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Opportunity Youth Action Hawaiʻi Kawailoa Youth and Family Wellness Center
Opportunity Youth Action Hawaiʻi Kawailoa Youth and Family Wellness Center

The “Kawailoa: A Transformative Indigenous Model to Replace Youth Incarceration” project supports youth to find their roles as healers and community contributors by replacing youth incarceration with a Native Hawaiian restorative system that empowers communities, trains youth healers, and shifts resources to community-driven and culturally-grounded puʻuhonua, sanctuaries of support, for opportunity youth. 

The Opportunity Youth Action Hawaiʻi (OYAH) hui is a unique collaboration of state and nonprofit agencies at the Kawailoa Youth and Family Wellness Center, reflecting a central campus as a puʻuhonua, or place of peace, safety, and healing for Hawaiʻi's most vulnerable youth and young adults. Services offered share the vision to empower and equip youth with the skills needed for long-term success and independent living. Our Kupa 'Aina program is a partner of this initiative. You can learn more about the organizations on the Kawailoa campus involved and how to support them below.

The Hawaiʻi project was recognized by the W.K. Kellogg Foundation and Lever for Change as one of 10 global finalists for the Racial Equity 2030 challenge, an open call for bold solutions to drive an equitable future for children, families and communities worldwide. The Challenge is awarding $90 million to help build and scale actionable ideas for transformative change in the systems and institutions that uphold racial inequities.

We Are Oceania
We Are Oceania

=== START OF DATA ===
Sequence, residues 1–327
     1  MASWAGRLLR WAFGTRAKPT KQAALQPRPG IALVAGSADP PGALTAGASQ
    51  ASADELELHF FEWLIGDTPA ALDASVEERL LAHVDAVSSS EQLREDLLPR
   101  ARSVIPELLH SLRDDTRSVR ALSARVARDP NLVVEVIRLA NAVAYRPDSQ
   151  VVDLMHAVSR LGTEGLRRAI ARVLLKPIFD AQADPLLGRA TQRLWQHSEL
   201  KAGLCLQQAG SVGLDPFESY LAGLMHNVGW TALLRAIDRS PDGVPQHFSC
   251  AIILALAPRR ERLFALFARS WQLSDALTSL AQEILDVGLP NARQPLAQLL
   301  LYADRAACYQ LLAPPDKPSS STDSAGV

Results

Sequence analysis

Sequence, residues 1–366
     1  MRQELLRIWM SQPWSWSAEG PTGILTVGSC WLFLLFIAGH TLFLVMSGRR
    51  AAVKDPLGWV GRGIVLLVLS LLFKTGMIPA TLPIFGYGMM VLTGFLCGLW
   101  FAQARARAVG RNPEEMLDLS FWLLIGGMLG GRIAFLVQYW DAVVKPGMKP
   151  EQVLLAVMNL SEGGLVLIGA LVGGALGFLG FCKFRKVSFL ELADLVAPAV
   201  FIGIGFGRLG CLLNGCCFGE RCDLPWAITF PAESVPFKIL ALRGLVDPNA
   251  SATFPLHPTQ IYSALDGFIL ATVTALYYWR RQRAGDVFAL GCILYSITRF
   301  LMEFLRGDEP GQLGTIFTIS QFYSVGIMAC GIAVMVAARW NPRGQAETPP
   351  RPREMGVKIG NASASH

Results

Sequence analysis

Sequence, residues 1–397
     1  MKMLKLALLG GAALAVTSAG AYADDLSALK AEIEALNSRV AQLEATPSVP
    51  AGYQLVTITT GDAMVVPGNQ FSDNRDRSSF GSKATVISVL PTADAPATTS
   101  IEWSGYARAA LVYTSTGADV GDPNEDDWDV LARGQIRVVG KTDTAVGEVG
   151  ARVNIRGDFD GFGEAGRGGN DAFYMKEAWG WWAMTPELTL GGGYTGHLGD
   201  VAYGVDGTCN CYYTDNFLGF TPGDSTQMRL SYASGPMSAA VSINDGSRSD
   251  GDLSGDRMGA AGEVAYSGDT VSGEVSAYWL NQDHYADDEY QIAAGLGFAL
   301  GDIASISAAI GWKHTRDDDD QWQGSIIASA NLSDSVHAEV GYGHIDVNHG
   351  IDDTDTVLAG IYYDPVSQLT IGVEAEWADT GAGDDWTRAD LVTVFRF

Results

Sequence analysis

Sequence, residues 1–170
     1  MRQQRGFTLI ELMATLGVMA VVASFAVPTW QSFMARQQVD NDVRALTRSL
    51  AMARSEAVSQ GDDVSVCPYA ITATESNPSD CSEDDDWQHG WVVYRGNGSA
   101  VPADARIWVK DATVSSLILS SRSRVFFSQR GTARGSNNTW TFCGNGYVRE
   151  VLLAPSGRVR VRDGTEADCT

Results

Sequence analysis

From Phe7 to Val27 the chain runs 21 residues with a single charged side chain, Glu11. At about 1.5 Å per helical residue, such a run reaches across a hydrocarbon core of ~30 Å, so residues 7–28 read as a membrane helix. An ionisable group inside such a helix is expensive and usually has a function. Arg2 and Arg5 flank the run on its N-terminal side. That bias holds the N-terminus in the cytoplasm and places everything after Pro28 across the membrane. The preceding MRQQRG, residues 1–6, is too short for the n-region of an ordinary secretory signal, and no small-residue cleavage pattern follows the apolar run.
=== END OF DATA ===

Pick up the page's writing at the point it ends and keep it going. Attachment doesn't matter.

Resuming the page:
The mission of We Are Oceania (WAO) is to empower our Micronesian community to navigate success while honoring the integrity of their diverse heritage. The Micronesia region faces many challenges such as U.S. militarization and weapons testing, loss of land from rising ocean levels, and lack of a sustainable local food supply. An estimated 15,000 to 17,000 people have left their homes in search of a better life for themselves and their families here in Hawai‘i. They play a leading role in the fight against Covid-19 for the Native Hawaiian and Pacific Islander (NHPI) community.

WAO received 501(c)3 status in 2021 after an initial pilot grant awarded by the Department of the Interior’s Office of Insular Affairs designated Partners in Development Foundation as their mentor organization. WAO was created by a core group of Micronesian leaders and stakeholders in Hawai‘i whose aim is to advocate for the overall health and wellbeing of Micronesian people and communities.


‘Eleu is a collective of five early childhood education agencies that believe by advocating together with one voice, we can ensure that the children and communities of Hawaiʻi will continue to flourish. The organizations share expertise in Family-Child Interaction Learning. Please click the boxes below to learn more about the organizations that make up the partnership.



For the first time, there are no girls incarcerated at Hawaii Youth Correctional Facility

June 22, 2022

Efforts made by the Opportunity Youth Action Hawaiʻi and partners at Kawailoa Youth and Family Wellness Center share more about successful diversion programs with Hawaii News Now.

ASB Donates More Than $360,000 to Help Local Nonprofits and the Community Recover From the Pandemic

June 16, 2022

Child & Family Service, Kapiolani Health Foundation, Kupu, Partners in Development Foundation and Local United Way Chapters Receive Support

Four PIDF programs celebrate Lā ʻOhana in Waimea

June 13, 2022

Tūtū and Me keiki from Hawaiʻi Island’s Waimea and Honokaʻa sites celebrated their end of the year accomplishments with an in-person Lā ʻOhana (family day)! Four PIDF programs participated in the fun: Pili a Paʻa, Project Pilina, Tūtū and Me ʻOhana Support, and Hoʻopalekana Ola.

It takes a village to raise a child— and for some Hawaiʻi Island ʻohana, diapers are included

June 1, 2022

Tūtū and Me ʻohana on Hawaiʻi Island benefit from a partnership with Hawaiʻi’s first diaper bank.